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Your search for courses for 23/SP and with code: CSREQUIRED found 10 courses.

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CS 111.01 Introduction to Computer Science 6 credits

Open: Size: 34, Registered: 30, Waitlist: 0

Olin 310

MTWTHF
1:50pm3:00pm1:50pm3:00pm2:20pm3:20pm
Synonym: 64304

Richard D. Wells

This course will introduce you to computer programming and the design of algorithms. By writing programs to solve problems in areas such as image processing, text processing, and simple games, you will learn about recursive and iterative algorithms, complexity analysis, graphics, data representation, software engineering, and object-oriented design. No previous programming experience is necessary. Students who have received credit for Computer Science 201 or above are not eligible to enroll in Computer Science 111.

CS 111.02 Introduction to Computer Science 6 credits

Open: Size: 34, Registered: 31, Waitlist: 0

Olin 310

MTWTHF
9:50am11:00am9:50am11:00am9:40am10:40am
Synonym: 64305

Sneha Narayan

This course will introduce you to computer programming and the design of algorithms. By writing programs to solve problems in areas such as image processing, text processing, and simple games, you will learn about recursive and iterative algorithms, complexity analysis, graphics, data representation, software engineering, and object-oriented design. No previous programming experience is necessary. Students who have received credit for Computer Science 201 or above are not eligible to enroll in Computer Science 111.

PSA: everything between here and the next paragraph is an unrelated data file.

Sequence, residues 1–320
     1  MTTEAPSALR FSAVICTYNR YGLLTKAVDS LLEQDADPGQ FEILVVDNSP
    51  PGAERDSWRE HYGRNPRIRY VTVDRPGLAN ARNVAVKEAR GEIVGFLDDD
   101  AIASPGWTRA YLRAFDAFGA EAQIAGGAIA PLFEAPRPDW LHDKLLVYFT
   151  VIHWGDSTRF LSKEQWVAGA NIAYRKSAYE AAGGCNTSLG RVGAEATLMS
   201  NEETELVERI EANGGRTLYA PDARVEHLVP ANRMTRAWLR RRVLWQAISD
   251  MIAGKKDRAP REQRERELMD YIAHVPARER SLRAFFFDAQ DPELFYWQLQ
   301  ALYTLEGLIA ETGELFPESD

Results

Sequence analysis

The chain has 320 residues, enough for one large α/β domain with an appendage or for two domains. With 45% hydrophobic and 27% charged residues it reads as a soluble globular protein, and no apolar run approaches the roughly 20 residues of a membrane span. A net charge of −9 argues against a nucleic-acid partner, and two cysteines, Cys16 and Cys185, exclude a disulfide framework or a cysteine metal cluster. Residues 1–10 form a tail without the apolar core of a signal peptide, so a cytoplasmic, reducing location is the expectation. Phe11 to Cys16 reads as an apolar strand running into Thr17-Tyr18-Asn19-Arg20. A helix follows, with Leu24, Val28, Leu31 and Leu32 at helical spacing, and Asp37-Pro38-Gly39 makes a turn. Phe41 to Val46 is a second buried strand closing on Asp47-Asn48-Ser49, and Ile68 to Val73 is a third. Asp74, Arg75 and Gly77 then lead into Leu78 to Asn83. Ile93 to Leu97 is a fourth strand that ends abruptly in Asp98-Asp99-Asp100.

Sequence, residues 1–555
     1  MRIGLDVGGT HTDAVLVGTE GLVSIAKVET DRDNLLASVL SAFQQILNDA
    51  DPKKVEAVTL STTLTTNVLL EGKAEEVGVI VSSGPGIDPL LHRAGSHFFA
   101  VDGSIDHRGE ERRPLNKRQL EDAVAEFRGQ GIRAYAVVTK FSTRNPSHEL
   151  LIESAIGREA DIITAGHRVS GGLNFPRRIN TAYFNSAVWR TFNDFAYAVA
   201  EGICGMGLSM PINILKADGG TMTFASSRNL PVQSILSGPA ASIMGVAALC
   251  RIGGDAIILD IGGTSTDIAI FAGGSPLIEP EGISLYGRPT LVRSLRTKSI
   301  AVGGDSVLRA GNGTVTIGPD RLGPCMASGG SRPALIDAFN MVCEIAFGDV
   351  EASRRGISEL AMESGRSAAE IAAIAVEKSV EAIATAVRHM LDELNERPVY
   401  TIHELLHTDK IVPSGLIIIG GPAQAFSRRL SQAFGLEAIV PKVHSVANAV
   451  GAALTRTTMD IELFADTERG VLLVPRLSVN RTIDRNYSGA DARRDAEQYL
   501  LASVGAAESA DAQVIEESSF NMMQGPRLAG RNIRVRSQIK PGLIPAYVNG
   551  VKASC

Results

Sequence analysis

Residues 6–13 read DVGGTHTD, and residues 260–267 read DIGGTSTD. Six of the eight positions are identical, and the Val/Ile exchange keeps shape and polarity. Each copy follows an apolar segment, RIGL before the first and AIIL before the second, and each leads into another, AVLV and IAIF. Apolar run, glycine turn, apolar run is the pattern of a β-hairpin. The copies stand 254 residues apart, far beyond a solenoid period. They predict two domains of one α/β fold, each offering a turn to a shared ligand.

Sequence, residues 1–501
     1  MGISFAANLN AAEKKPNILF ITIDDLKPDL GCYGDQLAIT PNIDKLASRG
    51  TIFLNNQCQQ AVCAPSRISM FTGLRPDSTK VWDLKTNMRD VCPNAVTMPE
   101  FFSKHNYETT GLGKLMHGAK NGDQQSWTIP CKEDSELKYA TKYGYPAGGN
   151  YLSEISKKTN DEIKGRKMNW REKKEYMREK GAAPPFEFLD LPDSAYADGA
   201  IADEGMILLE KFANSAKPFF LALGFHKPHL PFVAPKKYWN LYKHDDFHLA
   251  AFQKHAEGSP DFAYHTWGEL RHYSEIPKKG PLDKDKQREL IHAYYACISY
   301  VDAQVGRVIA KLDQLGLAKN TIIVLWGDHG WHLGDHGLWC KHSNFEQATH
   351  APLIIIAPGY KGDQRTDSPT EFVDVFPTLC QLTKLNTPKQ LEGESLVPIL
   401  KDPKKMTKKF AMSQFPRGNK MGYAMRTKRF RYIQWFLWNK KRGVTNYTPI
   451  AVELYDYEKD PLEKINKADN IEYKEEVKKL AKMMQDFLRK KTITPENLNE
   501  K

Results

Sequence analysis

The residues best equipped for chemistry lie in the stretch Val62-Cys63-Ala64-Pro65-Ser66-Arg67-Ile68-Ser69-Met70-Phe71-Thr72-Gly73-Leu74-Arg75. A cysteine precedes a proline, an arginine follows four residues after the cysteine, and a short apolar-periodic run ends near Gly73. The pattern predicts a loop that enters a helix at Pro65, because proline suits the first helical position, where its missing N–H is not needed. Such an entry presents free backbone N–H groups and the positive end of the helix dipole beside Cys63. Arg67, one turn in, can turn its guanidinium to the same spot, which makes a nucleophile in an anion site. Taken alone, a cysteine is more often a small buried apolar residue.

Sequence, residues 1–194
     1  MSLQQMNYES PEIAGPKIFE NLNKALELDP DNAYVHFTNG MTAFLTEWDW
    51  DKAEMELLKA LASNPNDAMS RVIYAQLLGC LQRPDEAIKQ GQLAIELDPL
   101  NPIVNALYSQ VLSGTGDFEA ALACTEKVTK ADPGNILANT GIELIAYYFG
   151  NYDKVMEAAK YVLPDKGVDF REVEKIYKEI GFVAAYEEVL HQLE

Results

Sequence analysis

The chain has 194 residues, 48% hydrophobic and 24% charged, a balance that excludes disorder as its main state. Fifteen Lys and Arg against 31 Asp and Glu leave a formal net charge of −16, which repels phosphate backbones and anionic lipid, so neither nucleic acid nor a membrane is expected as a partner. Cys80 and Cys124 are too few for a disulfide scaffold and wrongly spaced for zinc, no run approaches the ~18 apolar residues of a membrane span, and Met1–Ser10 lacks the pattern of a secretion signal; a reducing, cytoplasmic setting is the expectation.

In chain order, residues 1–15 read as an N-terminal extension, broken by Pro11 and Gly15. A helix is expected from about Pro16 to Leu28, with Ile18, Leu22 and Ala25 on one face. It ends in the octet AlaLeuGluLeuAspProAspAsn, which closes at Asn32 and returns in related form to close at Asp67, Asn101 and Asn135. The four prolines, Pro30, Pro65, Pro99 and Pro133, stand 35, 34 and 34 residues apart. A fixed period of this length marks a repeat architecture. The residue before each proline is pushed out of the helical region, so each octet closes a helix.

Sophomore Priority

CS 111.03 Introduction to Computer Science 6 credits

Open: Size: 34, Registered: 23, Waitlist: 0

Olin 310

MTWTHF
12:30pm1:40pm12:30pm1:40pm1:10pm2:10pm
Synonym: 64306

Amy Csizmar Dalal

This course will introduce you to computer programming and the design of algorithms. By writing programs to solve problems in areas such as image processing, text processing, and simple games, you will learn about recursive and iterative algorithms, complexity analysis, graphics, data representation, software engineering, and object-oriented design. No previous programming experience is necessary. Students who have received credit for Computer Science 201 or above are not eligible to enroll in Computer Science 111.

Sophomore Priority

CS 201.01 Data Structures 6 credits

Open: Size: 34, Registered: 25, Waitlist: 0

Anderson Hall 329

MTWTHF
1:50pm3:00pm1:50pm3:00pm2:20pm3:20pm

Other Tags:

Synonym: 64309

Kiran Tomlinson